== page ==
Clark usefully resituates Warren in a context of social and cultural actualities from the 1920s in Nashville to the chaotic postwar commodification of values - and with each phase he traces what he calls the prophetic strain, which, implicit in the early work, "grew increasingly emphatic" in the later work. Clark's most ringing chapter is his last, in which he sees Warren "renegotiating" the covenant of the Founders, toughly updating a history lesson always in danger of being forgotten: that "psychic and social amelioration depends upon establishing a dynamic working relationship with the past."

To his credit, however, Clark reminds us that Southern agrarianism, that movement that tirelessly used the past as referent, is too limited a polestar with which to orient Warren; and he enumerates the impact of the troubled 1930s in Warren's writing of that decade and the next (All the King's Men, despite its formal publication date, is, because of its affective origins, a quintessential novel of the Thirties). One of the most fascinating segments of Clark's book is a study of the first few numbers of the Southern Review, one conclusion of which is that Warren and his coeditor Cleanth Brooks consciously resisted Allen Tate's notion that the new journal should have a "proper ideological focus." The editors refused to purge their pages of "ideological impurities" because both Brooks and Warren were eager "to be part of the passionate political/cultural dialogue of the 1930s, [and] no idea, even one of their own, was too sacred to be subject to testing."

One of Clark's notable strengths in this study is his inerrant sense of specificity. He is as careful an explicator of figures, images, and rhetoric as he is comprehensive in the coverage of large cultural patterns in Warren's writing. Note especially his comments on the word proconsuls in At Heaven's Gate to gloss the commercial imperialism of twentieth-century America; his fine reading of Warren's John Brown - the most perceptive and balanced in the growing commentary on this pivotal character; and his attention to two stories rarely discussed, "Christmas Gift" and "Her Own People," as texts that demonstrate Warren's sympathetic observation on the "plight of those at the bottom of the class and caste structure."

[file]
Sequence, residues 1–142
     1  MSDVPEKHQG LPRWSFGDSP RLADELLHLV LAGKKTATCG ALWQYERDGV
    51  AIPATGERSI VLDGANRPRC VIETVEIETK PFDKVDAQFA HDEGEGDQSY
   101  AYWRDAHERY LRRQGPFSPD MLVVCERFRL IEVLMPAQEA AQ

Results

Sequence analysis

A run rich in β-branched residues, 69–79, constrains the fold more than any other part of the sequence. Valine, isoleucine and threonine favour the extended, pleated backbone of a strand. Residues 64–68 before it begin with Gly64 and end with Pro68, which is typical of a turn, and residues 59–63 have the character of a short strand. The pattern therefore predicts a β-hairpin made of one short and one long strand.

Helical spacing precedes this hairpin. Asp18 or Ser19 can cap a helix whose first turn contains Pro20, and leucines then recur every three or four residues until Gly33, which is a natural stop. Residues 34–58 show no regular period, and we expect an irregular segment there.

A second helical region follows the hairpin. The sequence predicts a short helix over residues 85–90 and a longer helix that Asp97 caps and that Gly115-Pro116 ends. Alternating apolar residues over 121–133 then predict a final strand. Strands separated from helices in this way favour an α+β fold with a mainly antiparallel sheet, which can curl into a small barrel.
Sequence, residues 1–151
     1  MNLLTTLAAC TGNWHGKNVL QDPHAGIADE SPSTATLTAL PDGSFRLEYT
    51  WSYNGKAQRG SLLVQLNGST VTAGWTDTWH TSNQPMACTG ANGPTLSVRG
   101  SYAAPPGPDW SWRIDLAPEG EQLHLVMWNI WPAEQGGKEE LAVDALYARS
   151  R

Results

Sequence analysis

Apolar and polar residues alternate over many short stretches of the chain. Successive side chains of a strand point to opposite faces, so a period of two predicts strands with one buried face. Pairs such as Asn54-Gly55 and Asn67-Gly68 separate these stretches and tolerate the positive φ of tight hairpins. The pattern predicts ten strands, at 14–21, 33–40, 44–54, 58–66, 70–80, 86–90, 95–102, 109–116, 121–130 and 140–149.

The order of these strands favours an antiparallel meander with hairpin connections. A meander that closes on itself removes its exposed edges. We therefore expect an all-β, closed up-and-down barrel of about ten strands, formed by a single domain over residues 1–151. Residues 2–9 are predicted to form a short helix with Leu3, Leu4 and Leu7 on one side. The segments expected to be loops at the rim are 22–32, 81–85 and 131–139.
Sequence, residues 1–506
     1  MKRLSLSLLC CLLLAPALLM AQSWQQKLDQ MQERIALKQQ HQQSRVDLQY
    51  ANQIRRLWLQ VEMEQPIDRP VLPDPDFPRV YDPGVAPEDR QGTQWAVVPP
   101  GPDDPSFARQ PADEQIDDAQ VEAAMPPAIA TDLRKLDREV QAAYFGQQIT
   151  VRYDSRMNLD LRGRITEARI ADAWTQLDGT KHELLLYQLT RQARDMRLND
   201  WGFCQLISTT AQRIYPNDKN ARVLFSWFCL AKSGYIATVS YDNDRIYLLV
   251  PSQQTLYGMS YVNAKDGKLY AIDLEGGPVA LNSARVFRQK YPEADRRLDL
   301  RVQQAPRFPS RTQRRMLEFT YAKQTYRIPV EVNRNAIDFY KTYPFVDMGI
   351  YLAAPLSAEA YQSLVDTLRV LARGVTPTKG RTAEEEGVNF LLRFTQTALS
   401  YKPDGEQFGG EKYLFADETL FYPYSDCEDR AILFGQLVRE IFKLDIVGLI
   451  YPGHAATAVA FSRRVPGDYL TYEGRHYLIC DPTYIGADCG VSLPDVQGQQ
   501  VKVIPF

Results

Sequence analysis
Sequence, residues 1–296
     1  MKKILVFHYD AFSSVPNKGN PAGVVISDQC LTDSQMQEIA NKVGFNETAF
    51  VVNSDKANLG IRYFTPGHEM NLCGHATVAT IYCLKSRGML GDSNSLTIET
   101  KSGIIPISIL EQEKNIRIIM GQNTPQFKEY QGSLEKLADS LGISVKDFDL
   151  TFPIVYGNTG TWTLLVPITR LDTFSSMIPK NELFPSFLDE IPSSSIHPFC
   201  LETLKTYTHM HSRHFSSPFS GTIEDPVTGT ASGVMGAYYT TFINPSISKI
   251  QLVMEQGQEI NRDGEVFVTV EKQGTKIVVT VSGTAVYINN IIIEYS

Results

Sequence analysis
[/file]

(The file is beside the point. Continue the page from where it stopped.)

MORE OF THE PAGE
The American Vision of Robert Penn Warren is both sensitive and sensible, a worthy study to join Burt's and Ruppersburg's. If it has a flaw, it is its author's seeing Warren in more affirmative ways than many critics would be willing to grant. It is useful to cite Warren's prophetic strain, but it should be remembered that many prophets wrote jeremiads, a form based on a profoundly unaffirmative sensibility. We could be hard pressed to name any one of Warren's dark works as a true jeremiad, but the stubborn note of irony, skepticism, and old-fashioned pessimism infects most of his work. We should not nevertheless dispute Clark's choice of humanistic to describe Warren's orientation, even though the term has fallen on a bad press of late. In his diverse voices and in different moods, writes Clark, Warren told humbling and often agonizing truths, and the message of his life's work is "ultimately one of hope." Warren described himself as a "yearner," a word that comports well enough with Clark's terms as long as we understand the long haul involved in "ultimately."
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Author:Justus, James H.
Publication:The Mississippi Quarterly
Article Type:Book Review
Date:Dec 22, 1992